Referenced by
Citing PatentFiling datePublication dateApplicantTitle
US7307331Sep 16, 2004Dec 11, 2007Intel CorporationIntegrated radio front-end module with embedded circuit elements
US7312505Mar 31, 2004Dec 25, 2007Intel CorporationSemiconductor substrate with interconnections and embedded circuit elements
US7321275Jun 23, 2005Jan 22, 2008Intel CorporationUltra-low voltage capable zipper switch
US7554421May 16, 2006Jun 30, 2009Intel CorporationMicro-electromechanical system (MEMS) trampoline switch/varactor
US7602261Dec 22, 2005Oct 13, 2009Intel CorporationMicro-electromechanical system (MEMS) switch
US7605675Jun 20, 2006Oct 20, 2009Intel CorporationElectromechanical switch with partially rigidified electrode
US7705699 *Jun 27, 2007Apr 27, 2010Intel CorporationCollapsible contact switch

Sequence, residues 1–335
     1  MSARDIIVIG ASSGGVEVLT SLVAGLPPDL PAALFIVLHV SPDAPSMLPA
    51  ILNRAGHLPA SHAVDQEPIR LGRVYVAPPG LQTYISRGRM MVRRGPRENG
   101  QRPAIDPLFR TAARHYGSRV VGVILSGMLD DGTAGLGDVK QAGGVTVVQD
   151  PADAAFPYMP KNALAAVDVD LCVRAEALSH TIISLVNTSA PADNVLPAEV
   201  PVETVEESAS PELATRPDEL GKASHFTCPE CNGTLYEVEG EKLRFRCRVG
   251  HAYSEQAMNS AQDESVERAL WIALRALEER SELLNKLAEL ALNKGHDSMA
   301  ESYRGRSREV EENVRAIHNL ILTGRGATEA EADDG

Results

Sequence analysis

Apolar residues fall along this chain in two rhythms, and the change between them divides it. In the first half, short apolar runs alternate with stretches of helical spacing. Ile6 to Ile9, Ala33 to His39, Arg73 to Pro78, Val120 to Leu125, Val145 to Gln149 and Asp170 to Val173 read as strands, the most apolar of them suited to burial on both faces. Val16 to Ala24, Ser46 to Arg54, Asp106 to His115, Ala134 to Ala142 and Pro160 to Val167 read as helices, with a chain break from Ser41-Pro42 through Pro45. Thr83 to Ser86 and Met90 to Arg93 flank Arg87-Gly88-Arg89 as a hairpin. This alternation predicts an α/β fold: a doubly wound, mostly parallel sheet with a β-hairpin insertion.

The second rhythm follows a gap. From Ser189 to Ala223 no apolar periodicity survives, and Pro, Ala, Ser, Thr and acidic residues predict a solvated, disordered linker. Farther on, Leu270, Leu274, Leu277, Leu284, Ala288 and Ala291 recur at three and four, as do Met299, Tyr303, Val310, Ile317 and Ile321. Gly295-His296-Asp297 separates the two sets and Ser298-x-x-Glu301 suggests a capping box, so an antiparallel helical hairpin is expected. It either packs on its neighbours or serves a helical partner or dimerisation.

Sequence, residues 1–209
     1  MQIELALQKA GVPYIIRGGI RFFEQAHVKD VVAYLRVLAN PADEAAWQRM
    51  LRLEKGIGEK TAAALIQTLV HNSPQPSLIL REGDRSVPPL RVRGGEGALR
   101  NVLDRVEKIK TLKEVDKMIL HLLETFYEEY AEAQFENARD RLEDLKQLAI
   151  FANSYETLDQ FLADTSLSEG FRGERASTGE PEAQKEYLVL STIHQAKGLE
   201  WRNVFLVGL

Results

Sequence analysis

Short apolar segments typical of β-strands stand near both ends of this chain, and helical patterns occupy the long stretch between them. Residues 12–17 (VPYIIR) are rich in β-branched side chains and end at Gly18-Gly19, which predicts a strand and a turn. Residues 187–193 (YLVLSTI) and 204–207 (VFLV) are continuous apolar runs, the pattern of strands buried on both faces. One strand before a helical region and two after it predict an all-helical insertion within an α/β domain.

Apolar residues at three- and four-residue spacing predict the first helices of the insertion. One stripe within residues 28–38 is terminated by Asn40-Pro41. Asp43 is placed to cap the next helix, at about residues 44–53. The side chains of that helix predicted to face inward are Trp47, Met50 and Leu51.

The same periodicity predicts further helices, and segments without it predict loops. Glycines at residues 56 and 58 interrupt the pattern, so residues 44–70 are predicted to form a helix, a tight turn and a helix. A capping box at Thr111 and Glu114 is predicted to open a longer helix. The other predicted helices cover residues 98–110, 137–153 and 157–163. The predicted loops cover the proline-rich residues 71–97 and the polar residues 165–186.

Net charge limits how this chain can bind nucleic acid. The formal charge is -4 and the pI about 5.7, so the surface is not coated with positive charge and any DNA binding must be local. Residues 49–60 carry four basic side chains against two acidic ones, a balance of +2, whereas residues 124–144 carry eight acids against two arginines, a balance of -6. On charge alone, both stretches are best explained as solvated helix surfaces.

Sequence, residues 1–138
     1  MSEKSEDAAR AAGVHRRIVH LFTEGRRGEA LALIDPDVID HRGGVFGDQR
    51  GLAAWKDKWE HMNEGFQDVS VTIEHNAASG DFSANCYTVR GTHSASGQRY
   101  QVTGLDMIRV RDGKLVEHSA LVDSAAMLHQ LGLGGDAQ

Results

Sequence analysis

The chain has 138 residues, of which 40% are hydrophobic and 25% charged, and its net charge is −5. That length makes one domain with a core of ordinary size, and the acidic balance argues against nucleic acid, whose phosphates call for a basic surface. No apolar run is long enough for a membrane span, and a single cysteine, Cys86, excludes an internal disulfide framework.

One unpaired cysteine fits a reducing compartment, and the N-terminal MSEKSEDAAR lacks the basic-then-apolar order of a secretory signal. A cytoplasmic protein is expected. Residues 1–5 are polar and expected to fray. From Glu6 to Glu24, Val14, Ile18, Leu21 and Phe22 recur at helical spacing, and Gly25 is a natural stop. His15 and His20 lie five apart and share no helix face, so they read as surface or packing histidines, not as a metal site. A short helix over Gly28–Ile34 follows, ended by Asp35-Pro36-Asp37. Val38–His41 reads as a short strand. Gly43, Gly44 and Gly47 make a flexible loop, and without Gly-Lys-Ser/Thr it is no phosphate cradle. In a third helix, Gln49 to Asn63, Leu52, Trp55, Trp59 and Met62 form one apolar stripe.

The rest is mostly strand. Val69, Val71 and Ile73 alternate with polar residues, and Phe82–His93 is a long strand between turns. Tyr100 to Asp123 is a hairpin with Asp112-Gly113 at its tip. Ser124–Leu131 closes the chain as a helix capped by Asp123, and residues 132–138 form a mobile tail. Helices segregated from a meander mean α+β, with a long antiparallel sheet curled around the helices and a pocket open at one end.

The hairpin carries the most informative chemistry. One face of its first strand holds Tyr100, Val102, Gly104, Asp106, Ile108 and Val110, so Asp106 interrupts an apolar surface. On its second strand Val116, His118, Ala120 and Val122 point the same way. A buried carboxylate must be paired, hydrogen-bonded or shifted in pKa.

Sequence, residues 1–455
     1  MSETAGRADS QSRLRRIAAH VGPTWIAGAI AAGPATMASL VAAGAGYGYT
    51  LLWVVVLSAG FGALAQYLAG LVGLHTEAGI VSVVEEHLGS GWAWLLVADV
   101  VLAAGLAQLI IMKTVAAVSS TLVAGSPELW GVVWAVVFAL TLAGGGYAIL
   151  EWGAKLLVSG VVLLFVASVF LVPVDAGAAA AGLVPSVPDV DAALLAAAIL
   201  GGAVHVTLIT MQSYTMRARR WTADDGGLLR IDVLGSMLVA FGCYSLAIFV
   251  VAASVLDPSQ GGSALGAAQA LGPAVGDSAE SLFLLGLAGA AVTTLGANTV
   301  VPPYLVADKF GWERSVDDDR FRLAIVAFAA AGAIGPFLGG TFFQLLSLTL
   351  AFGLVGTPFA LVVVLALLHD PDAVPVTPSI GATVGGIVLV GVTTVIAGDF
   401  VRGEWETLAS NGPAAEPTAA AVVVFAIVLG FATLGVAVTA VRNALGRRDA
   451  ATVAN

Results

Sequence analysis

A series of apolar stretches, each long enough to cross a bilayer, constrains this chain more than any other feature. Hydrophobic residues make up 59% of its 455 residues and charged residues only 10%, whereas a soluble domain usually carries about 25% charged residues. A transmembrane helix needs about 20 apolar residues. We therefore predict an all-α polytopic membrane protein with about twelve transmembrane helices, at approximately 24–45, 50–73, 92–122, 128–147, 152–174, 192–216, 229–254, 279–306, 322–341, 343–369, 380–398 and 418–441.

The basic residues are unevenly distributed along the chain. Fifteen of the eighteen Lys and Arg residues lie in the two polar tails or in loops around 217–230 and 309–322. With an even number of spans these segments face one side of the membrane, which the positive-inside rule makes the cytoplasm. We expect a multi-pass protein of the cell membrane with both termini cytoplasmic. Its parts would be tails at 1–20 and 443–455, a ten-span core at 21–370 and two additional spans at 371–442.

US7898371Sep 4, 2009Mar 1, 2011Intel CorporationElectromechanical switch with partially rigidified electrode
Classifications
U.S. Classification335/78
International ClassificationH01H59/00
Cooperative ClassificationH01H59/0009, H01H2059/0072
European ClassificationH01H59/00B
Legal Events
DateCodeEventDescription
Apr 14, 2011FPAYFee payment
Year of fee payment: 4
Apr 12, 2004ASAssignment
Owner name: INTEL CORPORATION, CALIFORNIA
Free format text: ASSIGNMENT OF ASSIGNORS INTEREST;ASSIGNORS:BAR, HANAN;HECK, JOHN;REEL/FRAME:015197/0476;SIGNING DATES FROM 20040128 TO 20040210